In practice, there is no dearth of examples of structural and institutional racial discrimination practiced by Israel as an occupying power. Since 1948, confiscation and expropriation of Palestinian lands have been ongoing; Israel has established over 700 Jewish towns and villages. At the same time, no new Palestinian town or village has been created. Today, 93% of land in Israel is State land. However, Palestinians possess only 3% of the land, though they represent about 20% of the population of Israel. Several laws have been passed to justify the Judaization of Palestinian land including the Absentee Property Law. In the Occupied Palestinian Territory, including East Jerusalem, there are still restrictions in place limiting Palestinians’ access to natural resources, namely arable land and adequate water supply systems. The Israeli regime also severely limits construction and development on the little land remaining for Palestinian communities within its sovereign territory. It also refrains from making urban plans that reflect the needs of the population, and has left areas of jurisdiction for these communities virtually unchanged despite an increase in population.

Moreover, Israel alone decides on movement within the different areas with restrictions to the freedom of Palestinians to circulate including to travel outside and re-enter, depending on the different situations. For instance, Palestinians from the West Bank who wish to enter Israel, East Jerusalem or the Gaza Strip must submit a request to the Israeli authorities. The separation wall built in Palestinian territory, and whose construction the International Court of Justice has condemned, further limits the movement of Palestinians. In the Gaza Strip, under siege since 2007, the entire population has been imprisoned because Israel prohibits almost all movement to enter or leave — with the exception of rare cases such as humanitarian grounds. Under the blockade, the inhabitants of Gaza are deprived of access to basic services including drinking water and urgent health and humanitarian aid. Apartheid and supremacist policies are taking root differently in each area and the forms of injustice emerging as a result vary, but the international community is gradually and increasingly condemning them.

• The Action of the international community against the apartheid committed by Israel:

For a few years now, some international bodies have become vocal on the apartheid policies set up by Israel. Thus, in December of 2019, the United Nations Committee on the Elimination of All Forms of Racial Discrimination (CERD) has expressed its concern about the Israeli apartheid policies and practices against the Palestinian people on both sides of the green line. In its final observations regarding Israel’s report, the committee highlights "The Committee is extremely concerned at the (see CERD/C/ISR/CO/14-16, par. 24) consequences of policies and practices which amount to de facto segregation, such as the implementation by the State party in the Occupied Palestinian Territory of two entirely separate legal systems and sets of institutions for Jewish communities grouped in illegal settlements on the one hand and Palestinian populations living in Palestinian towns and villages, on the other hand. The Committee is particularly appalled at the hermetic character of the separation of two groups, who live in the same territory but do not enjoy either equal use of roads and infrastructures or equal access to basic services and water resources. Such separation is realised via the implementation of a complex combination of movement restrictions consisting of the Wall, roadblocks, the obligation to use separate roads and a permit regime that only impacts the Palestinian population (Art. 3 of the Convention)."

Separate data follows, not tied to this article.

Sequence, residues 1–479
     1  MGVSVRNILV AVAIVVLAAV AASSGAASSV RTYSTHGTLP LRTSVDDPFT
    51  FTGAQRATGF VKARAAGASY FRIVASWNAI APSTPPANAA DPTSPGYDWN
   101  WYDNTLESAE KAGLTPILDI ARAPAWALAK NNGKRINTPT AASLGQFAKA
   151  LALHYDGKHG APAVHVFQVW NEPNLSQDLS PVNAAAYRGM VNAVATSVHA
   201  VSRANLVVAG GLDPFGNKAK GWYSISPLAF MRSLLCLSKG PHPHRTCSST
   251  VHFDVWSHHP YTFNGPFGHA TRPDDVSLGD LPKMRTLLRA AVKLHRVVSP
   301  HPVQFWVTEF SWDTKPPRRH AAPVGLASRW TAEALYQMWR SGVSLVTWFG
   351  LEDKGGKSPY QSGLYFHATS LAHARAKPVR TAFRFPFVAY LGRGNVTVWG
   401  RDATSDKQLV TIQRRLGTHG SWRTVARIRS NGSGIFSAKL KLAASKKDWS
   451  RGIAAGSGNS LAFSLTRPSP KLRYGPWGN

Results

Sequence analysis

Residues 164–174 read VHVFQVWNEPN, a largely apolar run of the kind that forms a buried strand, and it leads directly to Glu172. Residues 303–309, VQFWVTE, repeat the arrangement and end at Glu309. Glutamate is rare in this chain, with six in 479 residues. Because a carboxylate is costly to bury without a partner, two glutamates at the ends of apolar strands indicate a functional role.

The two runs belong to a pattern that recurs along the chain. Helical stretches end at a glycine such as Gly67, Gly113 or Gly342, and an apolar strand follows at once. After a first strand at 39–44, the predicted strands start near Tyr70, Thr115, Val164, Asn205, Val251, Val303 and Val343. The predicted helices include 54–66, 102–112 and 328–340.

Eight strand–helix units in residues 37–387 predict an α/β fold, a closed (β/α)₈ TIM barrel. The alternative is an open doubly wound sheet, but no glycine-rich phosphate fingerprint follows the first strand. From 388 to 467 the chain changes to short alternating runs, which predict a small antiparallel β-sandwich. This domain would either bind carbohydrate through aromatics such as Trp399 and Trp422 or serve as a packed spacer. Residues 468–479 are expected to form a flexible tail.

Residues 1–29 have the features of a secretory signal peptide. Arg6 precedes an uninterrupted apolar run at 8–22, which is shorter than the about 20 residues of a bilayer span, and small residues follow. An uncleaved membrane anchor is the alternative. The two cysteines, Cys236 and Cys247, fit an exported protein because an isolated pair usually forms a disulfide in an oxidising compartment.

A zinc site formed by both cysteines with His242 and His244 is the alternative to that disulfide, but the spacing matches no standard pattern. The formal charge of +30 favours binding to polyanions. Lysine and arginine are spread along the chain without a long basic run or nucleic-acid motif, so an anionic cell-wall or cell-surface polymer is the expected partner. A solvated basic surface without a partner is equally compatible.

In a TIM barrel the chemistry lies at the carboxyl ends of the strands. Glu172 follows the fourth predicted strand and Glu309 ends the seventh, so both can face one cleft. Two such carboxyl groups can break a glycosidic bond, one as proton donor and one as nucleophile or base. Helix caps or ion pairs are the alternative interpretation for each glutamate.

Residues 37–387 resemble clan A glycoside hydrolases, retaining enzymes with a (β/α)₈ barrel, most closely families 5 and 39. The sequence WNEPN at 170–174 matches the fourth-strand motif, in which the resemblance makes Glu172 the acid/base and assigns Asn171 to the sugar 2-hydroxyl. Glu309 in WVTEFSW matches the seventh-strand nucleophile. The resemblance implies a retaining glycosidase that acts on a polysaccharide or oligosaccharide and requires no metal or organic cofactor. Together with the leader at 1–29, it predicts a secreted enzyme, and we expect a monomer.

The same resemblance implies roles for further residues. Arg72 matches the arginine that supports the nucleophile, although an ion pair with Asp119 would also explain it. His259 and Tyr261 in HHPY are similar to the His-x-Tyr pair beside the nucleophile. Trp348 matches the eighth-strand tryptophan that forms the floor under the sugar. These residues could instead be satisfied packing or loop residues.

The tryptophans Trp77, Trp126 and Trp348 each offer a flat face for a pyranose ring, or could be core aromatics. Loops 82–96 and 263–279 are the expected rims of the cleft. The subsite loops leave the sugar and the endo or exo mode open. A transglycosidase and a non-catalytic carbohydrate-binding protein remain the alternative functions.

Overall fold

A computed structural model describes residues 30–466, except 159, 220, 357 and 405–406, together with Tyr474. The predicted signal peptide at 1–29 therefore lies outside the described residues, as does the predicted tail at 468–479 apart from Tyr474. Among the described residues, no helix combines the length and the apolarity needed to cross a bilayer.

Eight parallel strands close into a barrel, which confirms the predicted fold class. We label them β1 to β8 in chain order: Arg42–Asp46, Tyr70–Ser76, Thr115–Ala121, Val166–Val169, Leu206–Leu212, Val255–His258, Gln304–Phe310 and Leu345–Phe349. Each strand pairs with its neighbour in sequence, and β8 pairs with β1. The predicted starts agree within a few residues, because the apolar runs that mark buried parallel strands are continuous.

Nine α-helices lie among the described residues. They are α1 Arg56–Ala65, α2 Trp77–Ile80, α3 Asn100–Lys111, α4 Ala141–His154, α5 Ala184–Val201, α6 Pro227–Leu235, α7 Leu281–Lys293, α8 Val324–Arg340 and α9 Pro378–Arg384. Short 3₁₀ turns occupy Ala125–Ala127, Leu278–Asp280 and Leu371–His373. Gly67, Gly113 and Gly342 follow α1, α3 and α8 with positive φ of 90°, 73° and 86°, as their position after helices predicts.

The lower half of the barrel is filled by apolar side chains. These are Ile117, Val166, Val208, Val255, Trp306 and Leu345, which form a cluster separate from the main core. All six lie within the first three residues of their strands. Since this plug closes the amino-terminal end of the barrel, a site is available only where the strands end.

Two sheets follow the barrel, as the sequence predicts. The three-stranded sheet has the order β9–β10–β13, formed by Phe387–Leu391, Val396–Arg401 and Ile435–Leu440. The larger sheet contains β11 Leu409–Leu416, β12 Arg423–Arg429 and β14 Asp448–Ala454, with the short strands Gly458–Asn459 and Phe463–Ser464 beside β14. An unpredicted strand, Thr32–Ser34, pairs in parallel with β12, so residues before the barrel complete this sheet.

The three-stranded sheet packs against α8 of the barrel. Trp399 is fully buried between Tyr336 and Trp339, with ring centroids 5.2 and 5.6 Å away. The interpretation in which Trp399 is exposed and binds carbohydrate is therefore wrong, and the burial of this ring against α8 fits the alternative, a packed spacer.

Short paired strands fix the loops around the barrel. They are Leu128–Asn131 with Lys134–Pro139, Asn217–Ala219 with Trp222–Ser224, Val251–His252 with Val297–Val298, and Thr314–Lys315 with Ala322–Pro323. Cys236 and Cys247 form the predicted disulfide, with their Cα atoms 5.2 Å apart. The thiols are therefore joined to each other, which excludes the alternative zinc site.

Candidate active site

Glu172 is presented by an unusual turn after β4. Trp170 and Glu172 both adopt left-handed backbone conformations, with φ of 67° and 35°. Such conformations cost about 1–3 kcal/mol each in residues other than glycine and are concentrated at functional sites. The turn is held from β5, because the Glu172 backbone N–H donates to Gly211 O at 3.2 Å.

On 16 June 2020, over 50 experts and UN special rapporteurs on human rights published a joint statement, in which they consider that "Israel’s project to annex almost a third of the West Bank "is the vision of a 21st century apartheid" adding that "what will remain of the West Bank will be a Palestinian bantustan, islands of disconnected land, completely surrounded by Israel and territorially cut off from the outside world." The UN experts and special rapporteurs warned of this serious violation of international law, specifying that "following the annexation would be the crystallisation of an already unfair reality: two peoples living in the same space, governed by the same State, but with profoundly unequal rights."

Since 2013, FIDH has sounded the alarm on the crime of apartheid perpetrated by Israel.Today, after having greeted with satisfaction the historic decision made on 21 February 2021 by the Preliminary Chamber I of the International Criminal Court (ICC) confirming that the jurisdiction of the Court extends to Gaza and the West Bank, including East Jerusalem, and that, consequently, the Prosecutor is authorised to investigate the international crimes committed in these territories, FIDH is calling for investigation, in addition to war crimes, of all the facts, laws and practices testifying to the crime of apartheid.

Aside from the individual responsibility under the jurisdiction of international criminal justice, it remains the international community’s responsibility and that of United Nations member states to take decisive measures to put an immediate end to the state of apartheid and stop the intensification of settlement activities on the occupied West Bank, including East Jerusalem. Such crimes, among the most serious in international law, must come to an end and the Palestinians must be able to exercise their right to self-determination.